Three New Ways to Rye, With Wigle, George Dickel and Organic Nation
Rye is enjoying a renaissance. A niche product that sold at a bargain price just a few years ago, distilleries today struggle to make enough to satisfy the bartenders and consumers who have rediscovered it. There are now more than fifty brands of rye whiskey available in the United States, according to NPR. Here are three new ways to enjoy the spirit.
White Dog Rye
The logic of supply and demand dictates that when demand for a product rises, as it has for rye, suppliers will begin making more of it. The complication for whiskey is that making it takes time; rye distilled now may need several years in barrels before it’s ready for market.
That said, whiskey doesn’t have to be aged, and many small distilleries have experimented with “white dog” whiskey that showcases the spirit before oak exerts its influence. Often these products do more to demonstrate the value of barrel ageing than they do for the spirits themselves. Not so with Wigle Whiskey, the initial offering from a new distillery in Pittsburgh, Pennsylvania. Their rye white dog is a standout among white whiskeys, with a fruity note (as one expects to find in unaged liquor) matched with a very nice spice from the rye.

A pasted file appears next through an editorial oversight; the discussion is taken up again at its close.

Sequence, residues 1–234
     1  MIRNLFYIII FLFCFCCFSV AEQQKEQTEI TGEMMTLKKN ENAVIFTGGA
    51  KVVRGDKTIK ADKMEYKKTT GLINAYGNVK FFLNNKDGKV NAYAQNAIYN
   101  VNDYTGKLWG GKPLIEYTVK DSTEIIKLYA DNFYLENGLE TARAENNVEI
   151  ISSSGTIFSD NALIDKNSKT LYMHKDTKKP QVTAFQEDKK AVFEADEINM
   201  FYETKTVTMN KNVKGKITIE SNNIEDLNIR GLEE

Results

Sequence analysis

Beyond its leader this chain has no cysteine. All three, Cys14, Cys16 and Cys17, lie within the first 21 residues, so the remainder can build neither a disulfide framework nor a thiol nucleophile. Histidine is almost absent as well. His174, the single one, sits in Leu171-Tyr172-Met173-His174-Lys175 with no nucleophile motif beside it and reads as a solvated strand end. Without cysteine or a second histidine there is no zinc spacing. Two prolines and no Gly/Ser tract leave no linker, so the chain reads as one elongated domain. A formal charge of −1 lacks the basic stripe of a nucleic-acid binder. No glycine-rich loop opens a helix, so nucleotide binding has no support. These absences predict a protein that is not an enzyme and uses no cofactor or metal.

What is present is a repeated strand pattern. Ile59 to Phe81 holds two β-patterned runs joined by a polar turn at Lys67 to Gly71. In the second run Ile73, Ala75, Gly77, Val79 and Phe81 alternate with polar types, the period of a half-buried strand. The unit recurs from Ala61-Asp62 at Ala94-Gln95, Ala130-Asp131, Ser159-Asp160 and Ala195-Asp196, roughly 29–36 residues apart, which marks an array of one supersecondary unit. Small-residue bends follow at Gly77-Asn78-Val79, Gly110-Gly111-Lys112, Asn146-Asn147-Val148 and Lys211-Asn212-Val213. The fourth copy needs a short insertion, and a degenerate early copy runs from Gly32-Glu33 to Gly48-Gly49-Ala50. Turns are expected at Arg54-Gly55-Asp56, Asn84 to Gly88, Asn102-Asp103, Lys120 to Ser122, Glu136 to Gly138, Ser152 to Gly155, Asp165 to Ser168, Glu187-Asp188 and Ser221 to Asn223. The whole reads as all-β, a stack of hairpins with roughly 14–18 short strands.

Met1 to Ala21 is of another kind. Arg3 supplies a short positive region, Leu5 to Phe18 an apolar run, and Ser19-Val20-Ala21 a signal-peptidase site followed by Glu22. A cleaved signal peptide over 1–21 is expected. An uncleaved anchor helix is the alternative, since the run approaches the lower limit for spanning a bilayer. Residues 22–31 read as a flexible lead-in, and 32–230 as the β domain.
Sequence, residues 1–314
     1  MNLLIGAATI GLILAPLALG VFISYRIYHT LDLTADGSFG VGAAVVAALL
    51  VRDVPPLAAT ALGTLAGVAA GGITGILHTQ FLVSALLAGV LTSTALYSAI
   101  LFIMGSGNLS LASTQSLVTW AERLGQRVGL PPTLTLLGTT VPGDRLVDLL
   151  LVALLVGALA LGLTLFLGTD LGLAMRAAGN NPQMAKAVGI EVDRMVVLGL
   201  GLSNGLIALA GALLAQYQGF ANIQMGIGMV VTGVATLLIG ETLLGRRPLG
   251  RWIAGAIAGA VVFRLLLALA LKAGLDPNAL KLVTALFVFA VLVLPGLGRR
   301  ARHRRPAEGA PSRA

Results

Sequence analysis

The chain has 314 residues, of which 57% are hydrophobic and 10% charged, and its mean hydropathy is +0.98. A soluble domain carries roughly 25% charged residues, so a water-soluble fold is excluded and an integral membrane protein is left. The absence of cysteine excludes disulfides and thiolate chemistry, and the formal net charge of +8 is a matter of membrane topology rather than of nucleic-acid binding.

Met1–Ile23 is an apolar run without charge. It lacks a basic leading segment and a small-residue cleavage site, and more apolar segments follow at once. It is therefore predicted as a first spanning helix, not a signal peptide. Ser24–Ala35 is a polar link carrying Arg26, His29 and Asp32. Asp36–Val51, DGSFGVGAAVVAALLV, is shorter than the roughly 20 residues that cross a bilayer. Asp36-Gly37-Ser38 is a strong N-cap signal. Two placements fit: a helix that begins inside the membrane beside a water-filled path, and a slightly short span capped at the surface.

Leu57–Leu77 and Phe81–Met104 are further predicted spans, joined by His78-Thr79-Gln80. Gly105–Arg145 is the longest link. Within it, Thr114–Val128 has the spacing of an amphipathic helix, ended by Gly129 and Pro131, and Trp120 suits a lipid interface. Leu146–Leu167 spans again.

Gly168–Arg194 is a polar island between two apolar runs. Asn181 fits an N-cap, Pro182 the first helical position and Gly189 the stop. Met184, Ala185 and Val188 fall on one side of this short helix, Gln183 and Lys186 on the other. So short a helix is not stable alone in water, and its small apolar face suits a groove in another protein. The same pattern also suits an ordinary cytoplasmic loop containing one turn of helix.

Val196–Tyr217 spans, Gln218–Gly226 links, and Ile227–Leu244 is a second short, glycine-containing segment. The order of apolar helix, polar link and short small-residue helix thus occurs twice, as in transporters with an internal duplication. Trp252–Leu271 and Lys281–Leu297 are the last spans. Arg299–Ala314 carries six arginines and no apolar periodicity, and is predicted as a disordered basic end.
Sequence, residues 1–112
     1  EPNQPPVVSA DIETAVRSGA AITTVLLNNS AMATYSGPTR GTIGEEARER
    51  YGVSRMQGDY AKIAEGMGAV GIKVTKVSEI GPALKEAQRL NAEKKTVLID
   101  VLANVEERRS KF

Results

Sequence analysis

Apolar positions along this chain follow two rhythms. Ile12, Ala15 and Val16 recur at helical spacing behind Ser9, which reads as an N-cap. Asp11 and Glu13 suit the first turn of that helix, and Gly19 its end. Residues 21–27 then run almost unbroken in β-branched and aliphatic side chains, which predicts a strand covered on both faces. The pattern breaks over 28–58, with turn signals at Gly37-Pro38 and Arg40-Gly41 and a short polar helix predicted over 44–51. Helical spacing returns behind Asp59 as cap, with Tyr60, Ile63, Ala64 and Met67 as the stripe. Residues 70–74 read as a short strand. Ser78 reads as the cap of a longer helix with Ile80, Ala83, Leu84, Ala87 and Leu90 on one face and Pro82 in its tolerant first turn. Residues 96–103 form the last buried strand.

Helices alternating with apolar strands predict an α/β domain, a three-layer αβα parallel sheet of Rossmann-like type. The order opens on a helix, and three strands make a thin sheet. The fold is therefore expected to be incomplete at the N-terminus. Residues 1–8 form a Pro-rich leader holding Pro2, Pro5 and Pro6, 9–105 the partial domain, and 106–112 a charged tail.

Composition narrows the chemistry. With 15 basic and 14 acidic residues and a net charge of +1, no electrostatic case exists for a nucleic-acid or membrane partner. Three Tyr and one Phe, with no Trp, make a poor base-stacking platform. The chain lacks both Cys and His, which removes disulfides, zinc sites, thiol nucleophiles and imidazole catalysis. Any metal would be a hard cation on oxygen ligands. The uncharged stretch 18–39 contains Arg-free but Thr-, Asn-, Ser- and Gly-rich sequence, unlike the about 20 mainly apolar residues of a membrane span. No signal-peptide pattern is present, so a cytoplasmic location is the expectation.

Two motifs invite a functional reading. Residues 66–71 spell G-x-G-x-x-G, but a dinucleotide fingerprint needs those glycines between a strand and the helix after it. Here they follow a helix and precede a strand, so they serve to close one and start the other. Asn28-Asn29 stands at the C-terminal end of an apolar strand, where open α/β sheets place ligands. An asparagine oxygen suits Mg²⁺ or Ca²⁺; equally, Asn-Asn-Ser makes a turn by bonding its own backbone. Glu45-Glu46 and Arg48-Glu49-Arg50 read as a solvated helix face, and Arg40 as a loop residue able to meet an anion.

The name is in honor of Philip Wigle, one of the distillers behind the 1791 Whiskey Rebellion against federal taxes. He was sentenced for treason before being pardoned by President George Washington. The logo, which at first glance may resemble a fishing lure, reflects his narrowly avoided sentence. Oregon is the second state in which this spirit is available.
Tennessee whiskey isn’t required to be filtered through charcoal, but the two whiskey brands most identified with the state do take advantage of this process to mellow the spirit and set it apart from bourbon. One of these brands, George Dickel, is now applying that technique to rye.
Unlike Dickel’s Tennessee whiskey, which is filtered before aging in barrels, the rye is filtered after aging is complete. This puts it in strange territory, with the charcoal smoothing out any rough edges. The result is a spirit that is pleasant to sip neat at 90 proof, though not one that asserts itself in a cocktail, as do ryes with a more distinctive kick. Dickel shows the softer side of rye.
Organic Nation has been producing organic gin and vodka in Ashland, Oregon, since 2008, and now the distillery is venturing into rye. OldField Rye is aged 22 months in new oak barrels. What’s it taste like? According to the official website copy, “it has a bit of sweet vanilla and cinnamon notes,” but it’s only available at the distillery and a few Southern Oregon liquor stores. Given the quality of Organic Nation’s other spirits (currently available in Oregon, California, Washington and online), it’s likely worth picking up, if one is lucky enough to find it.
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